In 1774 Abraham Werner, a professor of mineralogy at the mining school of Freiberg, published a work entitled On the external characters of minerals . Aiming to produce a practical handbook for the miner and naturalist, Werner made use of readily accessible mineral characteristics like color, shape, hardness, and texture. He did not
group his species in higher categories, but did restate the Linnæan concept of primary forms of crystals, and pointed out that certain forms were related and could be derived from one another by truncation.
More theoretical, and more directly in the Linnæan tradition, was the work of the French crystallographers Romé de l'Isle and Haüy. Both came to mineral classification by way of crystallography. In his Essai de cristallographie of 1772 and his revised and expanded Cristallographie of 1784, Romé de l'Isle attempted a comprehensive classification of crystals based on the theory that there were a limited number of primitive crystalline forms. In his theory, the diversity of forms observed in nature arose from variations on the primitive ones induced by different conditions of solution or by varying proportions of the constituent chemical principles. The Cristallographie incorporated steps toward a quantitative science of crystals, including use of the contact goniometer and statement of the fundamental law of constant interfacial angles.
Linnæus had not drawn a hard-and-fast line between the kingdoms of living things and minerals. He had therefore not felt a need to justify mineral taxonomy. As the line between organic and inorganic was more and more sharply drawn, however, the need for justification and explicit methodological discussion became inescapable. Prompted by an essay of Louis Daubenton that denied the existence of mineral species, Romé de l'Isle made explicit his commitment to their reality, distinctness, and fixity. In Des caractères extérieurs des mineraux (1784), he argued that invariable laws of chemical affinity assured the same fixity for mineral species that reproduction did for organic ones. In practice, however, he relied on more accessible external features—crystal form, hardness, density—that he presumed to be the direct expression of uniform chemical composition.
Haüy is said to have come to crystallography from botany, seeking a mineral analogue to botanical regularities of form. If so, the botanical inspiration did not immediately extend to questions of mineral taxonomy, for in the Essai d'une théorie sur la structure des cristaux of 1784 Haüy denied the relevance of crystal form to mineral classification. The Essai introduced the concept of the molécule constituente (later termed the molécule intégrante ), a theoretical entity understood as the smallest molecule of a crystal that displayed a characteristic chemical composition and geometrical form. In his emphasis on the geometry of the molécule intégrante and its relationship to the geometry of macroscopic crystals, and in his insistence on the agreement of theoretical and measured results, Haüy took a decisive step in the mathematization of crystallography and attracted the patronage of Laplace. He also provided an original basis for mineral taxonomy.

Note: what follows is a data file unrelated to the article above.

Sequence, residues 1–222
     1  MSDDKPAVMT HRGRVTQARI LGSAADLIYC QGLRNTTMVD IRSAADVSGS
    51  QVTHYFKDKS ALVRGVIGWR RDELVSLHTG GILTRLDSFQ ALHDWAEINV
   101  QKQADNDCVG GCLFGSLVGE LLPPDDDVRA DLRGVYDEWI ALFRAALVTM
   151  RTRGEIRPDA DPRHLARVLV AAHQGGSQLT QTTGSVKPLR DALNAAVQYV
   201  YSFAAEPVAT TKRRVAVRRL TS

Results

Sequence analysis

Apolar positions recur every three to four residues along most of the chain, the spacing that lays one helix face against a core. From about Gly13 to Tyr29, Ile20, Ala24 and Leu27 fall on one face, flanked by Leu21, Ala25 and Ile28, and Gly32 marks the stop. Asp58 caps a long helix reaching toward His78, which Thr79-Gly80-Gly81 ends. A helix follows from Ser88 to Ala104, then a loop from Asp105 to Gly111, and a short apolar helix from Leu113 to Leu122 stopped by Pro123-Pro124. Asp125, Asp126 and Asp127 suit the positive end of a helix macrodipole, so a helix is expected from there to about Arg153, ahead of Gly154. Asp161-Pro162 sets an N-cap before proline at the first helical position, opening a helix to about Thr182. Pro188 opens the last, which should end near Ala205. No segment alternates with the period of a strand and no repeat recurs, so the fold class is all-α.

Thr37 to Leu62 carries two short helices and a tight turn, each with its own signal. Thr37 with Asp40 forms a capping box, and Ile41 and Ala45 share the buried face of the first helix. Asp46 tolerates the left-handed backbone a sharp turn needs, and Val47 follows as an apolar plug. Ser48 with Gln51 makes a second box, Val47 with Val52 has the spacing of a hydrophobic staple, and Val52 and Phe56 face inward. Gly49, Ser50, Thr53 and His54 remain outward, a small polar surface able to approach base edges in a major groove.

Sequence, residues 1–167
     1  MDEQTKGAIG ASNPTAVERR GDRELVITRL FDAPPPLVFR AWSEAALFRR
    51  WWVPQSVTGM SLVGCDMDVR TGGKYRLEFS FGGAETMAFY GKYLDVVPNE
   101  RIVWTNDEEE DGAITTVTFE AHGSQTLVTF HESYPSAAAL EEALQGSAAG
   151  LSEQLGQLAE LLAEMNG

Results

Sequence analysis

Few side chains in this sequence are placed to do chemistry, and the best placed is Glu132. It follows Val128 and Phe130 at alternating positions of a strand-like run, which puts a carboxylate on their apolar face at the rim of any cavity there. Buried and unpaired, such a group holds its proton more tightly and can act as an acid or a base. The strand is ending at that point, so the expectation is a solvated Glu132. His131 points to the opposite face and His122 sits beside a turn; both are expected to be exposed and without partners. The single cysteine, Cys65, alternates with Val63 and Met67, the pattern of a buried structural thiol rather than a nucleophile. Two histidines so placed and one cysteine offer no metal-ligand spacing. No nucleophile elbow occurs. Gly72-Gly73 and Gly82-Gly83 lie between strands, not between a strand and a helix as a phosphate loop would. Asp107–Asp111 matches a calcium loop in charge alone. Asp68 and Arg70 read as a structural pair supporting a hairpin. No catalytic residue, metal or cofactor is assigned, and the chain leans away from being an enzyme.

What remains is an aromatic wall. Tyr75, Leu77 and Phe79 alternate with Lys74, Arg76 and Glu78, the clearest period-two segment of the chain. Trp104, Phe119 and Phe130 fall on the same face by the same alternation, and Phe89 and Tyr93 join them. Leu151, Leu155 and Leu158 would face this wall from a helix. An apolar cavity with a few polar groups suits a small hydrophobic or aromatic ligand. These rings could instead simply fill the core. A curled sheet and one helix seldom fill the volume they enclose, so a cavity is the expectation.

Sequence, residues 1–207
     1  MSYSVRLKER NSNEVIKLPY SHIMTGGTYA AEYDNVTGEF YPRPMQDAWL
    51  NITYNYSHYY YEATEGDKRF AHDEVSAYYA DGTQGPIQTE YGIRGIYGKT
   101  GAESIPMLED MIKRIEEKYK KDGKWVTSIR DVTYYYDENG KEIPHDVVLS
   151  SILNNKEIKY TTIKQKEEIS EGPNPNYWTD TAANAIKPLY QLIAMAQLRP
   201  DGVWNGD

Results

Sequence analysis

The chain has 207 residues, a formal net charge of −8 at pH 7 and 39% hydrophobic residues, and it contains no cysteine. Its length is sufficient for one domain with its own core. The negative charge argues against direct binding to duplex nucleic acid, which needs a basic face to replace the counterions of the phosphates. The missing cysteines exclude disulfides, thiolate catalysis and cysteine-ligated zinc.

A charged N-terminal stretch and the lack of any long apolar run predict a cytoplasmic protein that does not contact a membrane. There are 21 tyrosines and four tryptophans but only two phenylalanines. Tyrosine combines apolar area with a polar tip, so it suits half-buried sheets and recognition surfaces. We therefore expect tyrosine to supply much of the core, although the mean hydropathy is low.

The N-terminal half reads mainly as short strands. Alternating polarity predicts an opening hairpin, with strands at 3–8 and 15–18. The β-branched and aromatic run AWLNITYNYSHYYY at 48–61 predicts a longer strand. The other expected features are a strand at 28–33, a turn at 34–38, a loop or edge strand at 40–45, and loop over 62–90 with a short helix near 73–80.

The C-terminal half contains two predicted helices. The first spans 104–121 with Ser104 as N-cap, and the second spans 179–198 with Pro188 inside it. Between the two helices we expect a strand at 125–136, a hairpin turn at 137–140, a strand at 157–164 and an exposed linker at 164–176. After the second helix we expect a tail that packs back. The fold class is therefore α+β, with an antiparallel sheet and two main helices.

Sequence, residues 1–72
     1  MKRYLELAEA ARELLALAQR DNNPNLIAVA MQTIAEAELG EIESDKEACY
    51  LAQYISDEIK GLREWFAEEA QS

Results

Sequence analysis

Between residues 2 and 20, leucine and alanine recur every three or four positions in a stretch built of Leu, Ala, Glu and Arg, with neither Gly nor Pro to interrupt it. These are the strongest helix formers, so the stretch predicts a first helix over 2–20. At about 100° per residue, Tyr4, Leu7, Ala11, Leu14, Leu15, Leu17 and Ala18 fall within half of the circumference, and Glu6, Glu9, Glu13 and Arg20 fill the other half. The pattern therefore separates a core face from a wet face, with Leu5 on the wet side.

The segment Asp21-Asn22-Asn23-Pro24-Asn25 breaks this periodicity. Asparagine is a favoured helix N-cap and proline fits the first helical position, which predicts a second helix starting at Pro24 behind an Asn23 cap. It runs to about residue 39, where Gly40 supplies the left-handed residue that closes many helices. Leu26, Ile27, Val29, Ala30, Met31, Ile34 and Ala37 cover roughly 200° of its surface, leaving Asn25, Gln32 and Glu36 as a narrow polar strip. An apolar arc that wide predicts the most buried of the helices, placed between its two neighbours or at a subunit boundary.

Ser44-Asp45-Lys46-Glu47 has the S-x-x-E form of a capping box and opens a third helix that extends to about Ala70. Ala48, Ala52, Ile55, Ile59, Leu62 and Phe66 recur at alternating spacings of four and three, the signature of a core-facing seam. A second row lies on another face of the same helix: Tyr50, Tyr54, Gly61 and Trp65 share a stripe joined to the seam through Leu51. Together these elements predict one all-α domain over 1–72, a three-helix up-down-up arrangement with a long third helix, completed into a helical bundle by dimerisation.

In a paper of 1793, Haüy defined the mineral species in chemical terms, remarking that just as in botany it is reproduction that assures uniformity in the species, so in mineralogy it is the nature and proportions of the combined chemical principles that guarantee specific identity. In this sense, Haüy argued, chemistry is well suited to accomplish one of the two main purposes of method, that is, classification. For the other purpose—the ready recognition and naming of bodies—chemistry is ill adapted, however, if only because chemical analysis often requires long and laborious procedures that use up all or part of the specimen. Seldom can species be grouped into genera by a single character that is easy to recognize. Thus classification in mineralogy does not compare favorably with that in botany, "where the characters, always drawn from the figure of the organs, that is to say, from a modification that is plainly visible (qui parle aux yeux ) follow a simple, uniform course, and have the merit of offering a picture in which a small number of colors suffice to give a rich and varied expression." In botany, unlike mineralogy, the same means serve the ends of both classification and recognition. A useful
mineralogical method therefore involves much more groping than is the case in botany.
In Haüy's major work of the early 19th century, the molécule intégrante figures in the chemical composition and geometrical form that defined mineral species. The molécule intégrante was, however, a theoretical entity. In practice the results of crystallography and chemistry sometimes diverged. Bodies grouped together by crystallography might be separated by chemistry, and vice versa. Some of this dissonance might be accounted for, Haüy argued, by the imperfection of current chemical analysis or by impurities in the mineral samples. So far as species determination was concerned, however, crystal structure offered the more certain guide: "Only for geometry are all minerals pure." Crystal form, more accessible and less ambiguous than chemical composition, dominated Haüy's determination of species, while his genera, orders, and classes were decided by chemical composition (fig. 3.3).